Trifling with Provençal Truffles
The truffle hunting in Provence was a success. The two trained dogs unearthed six beautiful specimens on the grounds of the producer — a Frenchman named Johann Pepin married to Lisa, an American woman from Chicago, who had inherited the beautiful property, Les Pastras, from his grandparents and decided to give up their jobs in finance and public relations for the fresh air life, “starry skies” and organic farming in Provence. Their 11 hectares of rolling hills near Cadenet, as far as a crow flies from Ansouis, produces a variety of fruits, olives, grapes, nuts and…truffles.
We took the truffle-hunting tour Johann gives with a group of North Americans and learned things one might never know otherwise — how to spot where the truffles might be hiding and how to train the dogs that love to unearth them for their masters. After the instruction and being a part of the action as the worker-dogs did their jobs well, we dined on shavings of fresh truffles and champagne, then unleashed our wallets to purchase some of their home-made products: truffle salt and truffle oil. (My daughter instructed me not to come home empty-handed.) One of our friends did much more — he adopted one of their bee-hives in an effort to save the bees and have a small stake in the farm for posterity. The Franco-American couple who own and run the farm, have a policy to donate a fruit tree to the One Family Orphanage in Haiti for every oak tree that is adopted at Les Pastras.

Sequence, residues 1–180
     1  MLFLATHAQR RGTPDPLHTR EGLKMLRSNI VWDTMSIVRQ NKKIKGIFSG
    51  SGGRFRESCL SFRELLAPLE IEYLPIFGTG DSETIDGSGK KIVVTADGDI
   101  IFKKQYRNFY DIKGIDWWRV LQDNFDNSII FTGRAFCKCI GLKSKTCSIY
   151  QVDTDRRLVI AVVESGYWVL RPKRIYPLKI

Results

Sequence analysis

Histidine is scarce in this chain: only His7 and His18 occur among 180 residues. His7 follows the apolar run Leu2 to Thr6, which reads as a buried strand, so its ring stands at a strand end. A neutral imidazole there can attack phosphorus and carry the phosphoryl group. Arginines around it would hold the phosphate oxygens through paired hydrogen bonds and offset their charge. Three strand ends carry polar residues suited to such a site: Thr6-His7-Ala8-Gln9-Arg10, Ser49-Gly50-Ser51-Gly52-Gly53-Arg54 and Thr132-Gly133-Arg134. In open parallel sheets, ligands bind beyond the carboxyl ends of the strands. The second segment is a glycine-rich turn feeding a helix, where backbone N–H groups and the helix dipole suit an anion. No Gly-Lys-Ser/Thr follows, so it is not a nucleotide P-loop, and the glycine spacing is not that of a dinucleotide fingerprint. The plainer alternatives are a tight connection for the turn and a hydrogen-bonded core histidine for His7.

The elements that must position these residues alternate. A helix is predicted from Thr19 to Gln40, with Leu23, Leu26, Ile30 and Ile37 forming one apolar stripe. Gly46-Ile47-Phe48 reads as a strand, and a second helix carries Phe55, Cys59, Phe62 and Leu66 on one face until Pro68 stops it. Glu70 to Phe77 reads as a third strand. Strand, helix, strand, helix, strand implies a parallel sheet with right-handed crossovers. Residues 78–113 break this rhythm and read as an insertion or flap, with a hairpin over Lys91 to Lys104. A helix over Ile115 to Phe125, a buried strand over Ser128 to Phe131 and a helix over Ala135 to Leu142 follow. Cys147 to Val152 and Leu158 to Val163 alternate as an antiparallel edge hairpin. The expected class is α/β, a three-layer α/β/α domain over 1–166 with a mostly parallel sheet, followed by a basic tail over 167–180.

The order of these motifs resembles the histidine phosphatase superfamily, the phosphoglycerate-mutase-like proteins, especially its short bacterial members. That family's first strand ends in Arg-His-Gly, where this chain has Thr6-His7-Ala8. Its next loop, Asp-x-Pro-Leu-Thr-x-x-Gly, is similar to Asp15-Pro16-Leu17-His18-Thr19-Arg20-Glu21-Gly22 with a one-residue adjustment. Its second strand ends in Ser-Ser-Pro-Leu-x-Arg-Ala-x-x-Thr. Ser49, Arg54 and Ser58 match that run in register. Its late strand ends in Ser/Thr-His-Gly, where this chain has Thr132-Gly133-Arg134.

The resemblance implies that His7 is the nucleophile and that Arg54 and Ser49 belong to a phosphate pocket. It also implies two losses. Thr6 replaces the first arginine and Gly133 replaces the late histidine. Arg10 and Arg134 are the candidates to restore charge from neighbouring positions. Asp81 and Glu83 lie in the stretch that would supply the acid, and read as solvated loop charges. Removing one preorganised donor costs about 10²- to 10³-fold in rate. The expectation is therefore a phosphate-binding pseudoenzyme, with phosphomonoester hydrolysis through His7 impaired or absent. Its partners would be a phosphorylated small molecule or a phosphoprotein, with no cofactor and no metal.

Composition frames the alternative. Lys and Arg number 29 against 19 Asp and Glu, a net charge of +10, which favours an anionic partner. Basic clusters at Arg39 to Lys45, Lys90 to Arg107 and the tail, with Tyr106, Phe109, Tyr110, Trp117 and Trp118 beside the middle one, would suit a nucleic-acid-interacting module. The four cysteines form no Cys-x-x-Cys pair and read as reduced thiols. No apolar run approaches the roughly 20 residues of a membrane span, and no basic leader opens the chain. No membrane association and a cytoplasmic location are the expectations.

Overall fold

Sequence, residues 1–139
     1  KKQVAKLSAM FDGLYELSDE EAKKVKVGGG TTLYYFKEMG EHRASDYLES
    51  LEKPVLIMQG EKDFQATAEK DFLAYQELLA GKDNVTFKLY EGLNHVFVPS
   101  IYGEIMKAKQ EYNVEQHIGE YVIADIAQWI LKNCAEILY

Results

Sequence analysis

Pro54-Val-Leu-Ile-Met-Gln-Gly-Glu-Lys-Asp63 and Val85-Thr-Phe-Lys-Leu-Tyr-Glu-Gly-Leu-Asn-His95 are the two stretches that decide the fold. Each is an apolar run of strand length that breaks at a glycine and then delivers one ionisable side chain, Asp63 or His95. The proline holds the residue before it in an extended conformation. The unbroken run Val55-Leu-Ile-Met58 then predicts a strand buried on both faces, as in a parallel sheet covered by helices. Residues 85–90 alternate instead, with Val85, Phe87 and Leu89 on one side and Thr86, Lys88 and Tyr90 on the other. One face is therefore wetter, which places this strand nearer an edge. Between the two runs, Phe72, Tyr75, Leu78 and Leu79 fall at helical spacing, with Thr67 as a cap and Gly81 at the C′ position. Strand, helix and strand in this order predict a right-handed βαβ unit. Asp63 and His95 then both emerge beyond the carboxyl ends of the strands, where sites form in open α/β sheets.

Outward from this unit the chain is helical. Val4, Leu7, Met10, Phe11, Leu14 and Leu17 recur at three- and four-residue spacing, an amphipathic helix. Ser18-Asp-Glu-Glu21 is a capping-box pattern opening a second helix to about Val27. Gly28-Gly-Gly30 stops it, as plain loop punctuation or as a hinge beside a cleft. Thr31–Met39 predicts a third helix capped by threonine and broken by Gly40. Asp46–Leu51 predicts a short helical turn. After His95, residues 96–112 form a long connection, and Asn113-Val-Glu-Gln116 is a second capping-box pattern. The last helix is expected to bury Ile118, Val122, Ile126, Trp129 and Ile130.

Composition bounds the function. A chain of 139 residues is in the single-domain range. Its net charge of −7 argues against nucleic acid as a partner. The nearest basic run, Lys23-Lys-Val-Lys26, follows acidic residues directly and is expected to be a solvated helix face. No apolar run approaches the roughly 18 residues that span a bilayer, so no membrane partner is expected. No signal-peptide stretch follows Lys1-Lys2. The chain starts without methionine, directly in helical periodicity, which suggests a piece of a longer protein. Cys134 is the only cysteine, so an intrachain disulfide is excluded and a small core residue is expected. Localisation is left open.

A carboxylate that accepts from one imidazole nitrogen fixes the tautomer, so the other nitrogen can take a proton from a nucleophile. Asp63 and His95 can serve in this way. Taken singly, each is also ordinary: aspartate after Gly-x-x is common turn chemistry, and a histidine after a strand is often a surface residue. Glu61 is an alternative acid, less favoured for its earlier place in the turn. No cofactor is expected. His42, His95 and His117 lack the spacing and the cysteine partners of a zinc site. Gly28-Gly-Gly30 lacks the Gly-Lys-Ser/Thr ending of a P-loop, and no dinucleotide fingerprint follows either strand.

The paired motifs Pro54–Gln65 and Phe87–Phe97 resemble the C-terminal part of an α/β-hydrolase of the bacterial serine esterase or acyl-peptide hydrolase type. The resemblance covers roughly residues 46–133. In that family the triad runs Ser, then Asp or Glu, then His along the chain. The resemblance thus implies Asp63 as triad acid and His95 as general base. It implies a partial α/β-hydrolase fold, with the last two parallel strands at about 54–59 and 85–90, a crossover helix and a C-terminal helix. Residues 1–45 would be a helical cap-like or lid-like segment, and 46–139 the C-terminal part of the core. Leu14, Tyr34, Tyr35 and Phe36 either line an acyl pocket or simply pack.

Yesterday I took the morning bus from Aix-en-Provence to Nice — a 2.5 hour ride for 25€. There are two buses that take the route — the OuiBus that goes to the airport in Nice and the other that goes to the center of the city. I made the mistake of taking the bus to the airport and then having to transfer to the 98 bus that goes into the city from the airport…but, not a serious blunder since the 98 was waiting for me to hop on and the ride on the OuiBus couldn’t have been more pleasant…with WiFi and an electric plug. The train from Aix would have been longer and more expensive.
Nice is as nice as it always is! The sun is shining gloriously and even though a bit chilly, it’s very warming and inviting. Just being here makes me feel good even if I’m not running to the sea, although I can see it from my favorite corner table at Le Balthazar. I don’t come for the food (don’t expect much), but the corner table has a plug and a perfect view of the Promenade des Anglais from which one can watch what seems like the whole world go by. It has been swarming with promenaders.
Henri-le-Cactus is still happy as a spiny clam in his window growing taller by the moment — way taller than me. The Christmas lights that were ready to be switched on when I was last here before Thanksgiving are now bright and twinkling like crazy. They light the balcony of “Le Matisse” and shine in the windows.
Some parts of Nice seem busy; others are quiet — like one of my favorite restaurants, Coco et Rico, which was void of all lunch diners except for our table in spite of its great food and friendly service.
No matter. Nice is a great place to be for the end of 2016 and beginning of 2017. I will be celebrating in style with friends who love the Riviera as much as I do…friends from all over the U.S. and Canada, who share in our appreciation of the South of France.
Happy New Year to everyone, regardless of where you are and what you are doing.
A la prochaine,
Editor of Parler Nice
Adrian Leeds Group
P.S. “Le Matisse,” my apartment near the sea in the Carré d’Or district, and the two-bedroom apartment next door, is available for short stays to friends of Parler Paris, Parler Nice and the Adrian Leeds Group. Email [email protected] for more information and to book your stay!